Second, we should be alarmed by how quickly the media and many government officials have insisted that a singular, unelected expert—namely, Dr. Fauci—be allowed to dictate policy and our lives based on his interpretation of the evidence. Dr. Larry Arnn, president of Hillsdale College, noted recently that our Founders never intended our nation to be run by experts, but by duly elected representatives of the people, who may turn to experts for counsel but ultimately represent the American constituency in their choices. Quoting Winston Churchill, Arnn writes,

Here is Churchill again:

“I decline to admit there are any experts in democracy in [the House of Commons]. We are all elected on equal terms and have a right to equal credit and consideration. We are elected on the widest franchise obtaining in any country in the world, and it is our business to see that the people’s rights are not derogated from or prejudiced in any respect.”

We must of course listen to experts, just as Churchill did, but expertise cannot as a simple fact of principle tell us finally what is right to do.

Larry Arnn, “Thoughts on the Current Crisis,” Imprimis 49, no. 3/4.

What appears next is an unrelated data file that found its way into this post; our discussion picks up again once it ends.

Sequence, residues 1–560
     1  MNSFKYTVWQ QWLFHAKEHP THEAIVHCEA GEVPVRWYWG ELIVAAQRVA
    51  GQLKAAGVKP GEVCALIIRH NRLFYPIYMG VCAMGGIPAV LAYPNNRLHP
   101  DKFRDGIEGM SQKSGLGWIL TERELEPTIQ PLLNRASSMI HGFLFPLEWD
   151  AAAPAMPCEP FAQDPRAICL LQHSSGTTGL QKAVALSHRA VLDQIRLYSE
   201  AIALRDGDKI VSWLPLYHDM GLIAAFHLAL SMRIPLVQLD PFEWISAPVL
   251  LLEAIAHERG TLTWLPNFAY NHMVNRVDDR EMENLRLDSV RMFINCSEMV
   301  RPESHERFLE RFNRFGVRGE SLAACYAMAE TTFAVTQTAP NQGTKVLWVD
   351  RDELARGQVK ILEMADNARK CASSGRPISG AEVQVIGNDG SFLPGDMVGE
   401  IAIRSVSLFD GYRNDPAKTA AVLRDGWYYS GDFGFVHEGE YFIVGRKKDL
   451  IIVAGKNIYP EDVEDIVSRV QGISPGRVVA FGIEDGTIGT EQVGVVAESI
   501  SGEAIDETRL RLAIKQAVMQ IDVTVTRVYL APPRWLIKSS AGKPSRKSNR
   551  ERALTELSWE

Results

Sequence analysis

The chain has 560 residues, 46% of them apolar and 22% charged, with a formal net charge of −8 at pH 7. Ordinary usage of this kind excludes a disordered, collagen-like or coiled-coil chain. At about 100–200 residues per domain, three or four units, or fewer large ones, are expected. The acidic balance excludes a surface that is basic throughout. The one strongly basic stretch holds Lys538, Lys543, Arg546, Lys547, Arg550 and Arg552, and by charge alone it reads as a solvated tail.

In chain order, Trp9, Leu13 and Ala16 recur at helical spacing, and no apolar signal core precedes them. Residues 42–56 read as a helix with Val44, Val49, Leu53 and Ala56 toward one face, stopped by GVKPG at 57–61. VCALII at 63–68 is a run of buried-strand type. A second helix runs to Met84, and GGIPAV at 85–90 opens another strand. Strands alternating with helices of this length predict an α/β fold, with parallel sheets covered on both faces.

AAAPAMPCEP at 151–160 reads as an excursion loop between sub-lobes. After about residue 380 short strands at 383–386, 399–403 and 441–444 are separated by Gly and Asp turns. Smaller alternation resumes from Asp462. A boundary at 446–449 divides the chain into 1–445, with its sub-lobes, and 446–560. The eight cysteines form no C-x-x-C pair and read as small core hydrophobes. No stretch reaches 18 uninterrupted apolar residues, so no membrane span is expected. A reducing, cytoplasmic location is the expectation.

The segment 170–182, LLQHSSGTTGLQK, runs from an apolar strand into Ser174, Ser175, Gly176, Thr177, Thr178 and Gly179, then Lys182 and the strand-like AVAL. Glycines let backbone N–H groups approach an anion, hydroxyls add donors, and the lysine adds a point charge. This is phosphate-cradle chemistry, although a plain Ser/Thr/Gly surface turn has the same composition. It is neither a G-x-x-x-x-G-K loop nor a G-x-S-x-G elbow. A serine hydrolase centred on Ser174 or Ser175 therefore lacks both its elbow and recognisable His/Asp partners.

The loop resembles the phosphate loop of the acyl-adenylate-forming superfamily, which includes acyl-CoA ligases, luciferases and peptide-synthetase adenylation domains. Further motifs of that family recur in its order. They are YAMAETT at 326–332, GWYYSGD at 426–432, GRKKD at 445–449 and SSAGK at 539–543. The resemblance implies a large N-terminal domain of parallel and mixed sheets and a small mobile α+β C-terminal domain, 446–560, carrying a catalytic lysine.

It’s time for the American people to demand their representatives in government do more than bow to the experts. It’s time to call and write the governors, senators, and representatives and call them to action—to reopen the economy quickly, and to consider but not kowtow to the dictates of experts. The American people are more than numbers in a model, and we should be heard.


†Official White House Photo by Andrea Hanks (public domain)

6 thoughts on “The Experts Keep Getting It Wrong, So Why Do We Keep Listening to Them?

Add yours

  1. Amen! and AMEN!!! Makes me wonder which camp most people are in: those “considering” or those “kowtowing” to the dictates of the “experts”. Are actions a good indicator?

    1. I think when you look at some of the more level-headed responses from leaders like Georgia’s governor, who looked at the experts’ calls to keep everything shut down for months to come, and weighed that against how damaging that would be (and had been) to the local economy, it’s pretty clear the “expert” is more of an advisor than a dictator in those cases. It’s likely some of those states’ leaders are looking at the dissenting opinions of other experts as well to formulate their plans–which is healthy! Consider opposing viewpoints–what a novel idea! (I’m looking at you, Michigan and California.) Even rural Kansas counties, once Gov. Kelly lifted her restrictions and turned it over to the counties, opted not to put any restrictions in place for the sake of their peoples’ livelihoods.